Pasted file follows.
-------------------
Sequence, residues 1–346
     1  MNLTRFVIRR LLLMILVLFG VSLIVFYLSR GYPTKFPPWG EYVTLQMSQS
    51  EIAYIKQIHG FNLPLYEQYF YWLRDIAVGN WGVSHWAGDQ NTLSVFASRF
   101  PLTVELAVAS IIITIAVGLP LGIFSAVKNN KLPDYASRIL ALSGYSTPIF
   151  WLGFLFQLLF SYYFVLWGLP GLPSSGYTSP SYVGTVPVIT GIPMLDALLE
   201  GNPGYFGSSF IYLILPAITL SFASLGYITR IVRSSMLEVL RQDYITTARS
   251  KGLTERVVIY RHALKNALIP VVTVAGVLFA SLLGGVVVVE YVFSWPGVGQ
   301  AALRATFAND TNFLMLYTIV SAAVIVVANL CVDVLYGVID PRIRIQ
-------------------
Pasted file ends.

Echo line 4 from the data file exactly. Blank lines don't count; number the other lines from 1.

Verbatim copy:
   101  PLTVELAVAS IIITIAVGLP LGIFSAVKNN KLPDYASRIL ALSGYSTPIF